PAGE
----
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Subversive Feminism in Storytelling: Han Kang’s The Vegetarian and Julia Ducournau’s Raw

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“You are what you eat,” as the saying goes, to which I’d like to add: “or don’t.” As of recent, food has increasingly become a part of identity politics. Anybody on the internet who strongly follows a particular diet has their pitchforks ready for the ‘non-believers’. In this backdrop, Han Kang’s novel [1] about a woman who refuses to eat meat after a nightmarish dream she can’t speak of and Julia Ducournau’s film [2] about a young vegetarian woman who begins to crave meat of all kinds, including human, come across as confusing and shocking pieces of work. The former is set in South Korea and deals with mental illness whereas the latter is set in France and is a coming-of-age drama.

I’d like to argue that the themes of vegetarianism and cannibalism, albeit contradictory, are utilised to serve the same metaphor. These (fictionalised) extremities enable a self-reflection on society that is very, very real. The Vegetarian follows the story of Yeong-hye who lives a passive, domesticated life in Seoul. Her husband, Mr. Cheong works and Yeong-hye does the cooking and cleaning. The story is narrated by three characters, none of who are Yeong-hye. We do not hear her voice, except details from the dream:

“My bloody hands. My bloody mouth. In that barn, what had I done? Pushed that red raw mass into my mouth, felt it squish against my gums, the roof of my mouth, slick with crimson blood.” 

Yeong-hye swears off meat and radically alters her diet. From what I understand, Korean food culture is centred around banchan or multiple side dishes that are mostly meat-based. Yeong-hye quickly loses a lot of weight, perhaps a little too much. Along with meat she refuses to partake in activities that patriarchy dictates she do like wearing a bra, doing her makeup, and being a dutiful wife. In one brutal scene, Yeong-hye’s father forces her to eat meat which shatters every semblance of normality the family struggles to portray.

In part two, Yeong-hye is the sexual object of her brother-in-law’s gaze, an artist in search for some inspiration. He paints flowers over her naked body, has sex with her and films the process. Art. The last section is narrated by Yeong-hye’s sister. In the mental hospital, Yeong-hye strives to become a tree [3]: “Look, sister, I’m doing a handstand; leaves are growing out of my body, roots are sprouting out of my hands…they delve down into the earth. Endlessly, endlessly…yes, I spread my legs because I wanted flowers to bloom from my crotch; I spread them wide…” She stops eating entirely.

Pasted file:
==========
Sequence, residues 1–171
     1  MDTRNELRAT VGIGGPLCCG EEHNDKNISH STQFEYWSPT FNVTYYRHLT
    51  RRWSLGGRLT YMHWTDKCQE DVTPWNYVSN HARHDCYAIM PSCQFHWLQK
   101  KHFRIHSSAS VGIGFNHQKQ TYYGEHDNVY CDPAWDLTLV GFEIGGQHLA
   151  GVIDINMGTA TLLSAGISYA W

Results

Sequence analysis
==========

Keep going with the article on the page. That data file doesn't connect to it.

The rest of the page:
And then there’s Raw, which is visually stunning. Justine is a strict vegetarian who enters vet school, where her sister Alexia also studies. At a hazing ritual, Justine is forcibly fed rabbit liver and thus begins her obsession for meat. Her hunger is not satiated until she tastes human meat. Justine’s newfound freedom and desires lend to her agency she never experienced before: sexually and emotionally.

Cannibalism runs in the family. Alexia indulges and encourages her sister’s cravings but Justine decides to control her hunger. This causes a rift between the sisters who literally fight tooth and nail. Justine accepts her dark animalistic side and violence within it, but suppresses her monstrous desires. This caricatures society at large, where the hunger to consume and kill entails unparalleled cruelty and brutality.

Food is a potent device in these stories. Yeong-hye’s refusal to consume meat and ultimately any food, similarly Justine’s taboo desires act as symbols of feminine power and rebellion. They dissent and deviate through their bodies. In my opinion, The Vegetarian and Raw are part of a fresh wave of feminism in art that highlights female sexuality and dynamism [4]. It is uncomfortable to watch. But necessary.

Notes:

[1] Translated from the Korean into English by Deborah Smith in 2015

[2] Trailer: https://www.youtube.com/watch?v=gFlXVX2af_Y

[3] Interestingly, there is a Kannada folk tale called The Flowering Tree (translated by A.K. Ramanujan) where a young girl transforms into a beautiful tree when water is poured over her symbolising menstruation and fertility, the  female power of procreation and sexuality. Read here: journal.oraltradition.org/articles/download/12i?article=ramanujan

[4] Movie recommendations: The Witch, The Blackcoat’s Daughter, The Neon Demon, Lady Macbeth

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